Is DNA testing of your cat for lineage and health issues worth it?

I’m told that cat DNA testing is booming. In the USA you can buy a test kit online for $40-$125. You use it to swab the inside of your cat’s cheek and send it to the DNA testing business who will provide results for you. One such business is Basepaws. They say you can get to know your cat better with a DNA test. With their test results you can learn about your cat’s “genetic similarity to different breed groups”. You can also learn whether your cat has “genetic disease markers”. This means that they can provide information about 38 genetic health markers which represent 16 inherited diseases.

The issue with respect to health I think is interesting and certainly more interesting than knowing whether your cat is linked in any way to a cat breed.

Feline hunting is in their DNA
Image: PoC.
Until September 7th I will give 10 cents to an animal charity for every comment written by visitors. It is a way visitors can contribute to animal welfare without much effort and no financial cost. Please comment. It helps this website too which at heart is about cat welfare.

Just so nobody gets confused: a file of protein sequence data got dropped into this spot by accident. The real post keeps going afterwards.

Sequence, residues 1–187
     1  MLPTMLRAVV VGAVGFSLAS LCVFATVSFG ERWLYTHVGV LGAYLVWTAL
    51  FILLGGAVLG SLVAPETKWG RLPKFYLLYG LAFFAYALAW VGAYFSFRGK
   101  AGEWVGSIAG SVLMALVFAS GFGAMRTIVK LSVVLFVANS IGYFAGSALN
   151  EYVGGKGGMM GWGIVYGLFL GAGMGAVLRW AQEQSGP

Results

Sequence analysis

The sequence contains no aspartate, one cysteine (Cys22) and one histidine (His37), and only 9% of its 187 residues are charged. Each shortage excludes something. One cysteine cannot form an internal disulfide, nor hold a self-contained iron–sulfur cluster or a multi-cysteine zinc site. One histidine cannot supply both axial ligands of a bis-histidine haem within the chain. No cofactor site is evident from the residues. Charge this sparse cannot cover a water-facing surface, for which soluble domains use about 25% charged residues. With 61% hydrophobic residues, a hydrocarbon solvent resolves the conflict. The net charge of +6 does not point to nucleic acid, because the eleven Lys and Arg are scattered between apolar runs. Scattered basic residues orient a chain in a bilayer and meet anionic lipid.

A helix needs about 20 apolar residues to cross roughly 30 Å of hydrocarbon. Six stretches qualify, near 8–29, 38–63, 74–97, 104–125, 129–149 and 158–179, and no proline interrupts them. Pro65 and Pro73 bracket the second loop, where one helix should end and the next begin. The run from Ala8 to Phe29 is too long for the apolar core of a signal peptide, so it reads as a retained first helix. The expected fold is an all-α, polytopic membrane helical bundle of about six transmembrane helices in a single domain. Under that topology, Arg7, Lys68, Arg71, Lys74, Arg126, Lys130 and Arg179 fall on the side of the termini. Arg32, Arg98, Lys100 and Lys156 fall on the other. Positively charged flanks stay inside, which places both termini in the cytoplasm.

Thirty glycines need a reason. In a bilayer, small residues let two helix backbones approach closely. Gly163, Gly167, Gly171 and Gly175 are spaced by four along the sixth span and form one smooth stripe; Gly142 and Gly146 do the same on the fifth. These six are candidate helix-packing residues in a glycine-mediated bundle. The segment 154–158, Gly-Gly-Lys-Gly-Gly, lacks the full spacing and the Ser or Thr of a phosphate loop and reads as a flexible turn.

Origin of domestic cats

Understandably, a lot of cat owners would like to know whether there cat is a member of a cat breed. They may have adopted a cat from a rescue centre or informally. Their cat may look like one of the recognised cat breeds. For example, they may have a cat which is totally grey and very beautiful. They would like to know whether their cat is a Russian Blue. The Russian Blue is an all grey, elegant cat which comes from the north of Russia, the city of Archangel in fact. Or at least that’s the story.

A DNA test almost certainly won’t tell you that your cat is purebred because it is highly likely that your cat is not purebred (98% of cats are random bred). What the DNA test will tell you is the region of the world where your cat might have originally come from thousands of years ago and I am note sure this is very useful. They provide you with a bit of ancient DNA history if you like about the origins of the domestic cat and your cat in particular. However, the DNA test won’t say that your cat is a Maine Coon or a Russian Blue. It may say that your cat came from a region of the world where it is believed that e.g. the Persian cat comes from and therefore there could be a link between your cat and Persian cats.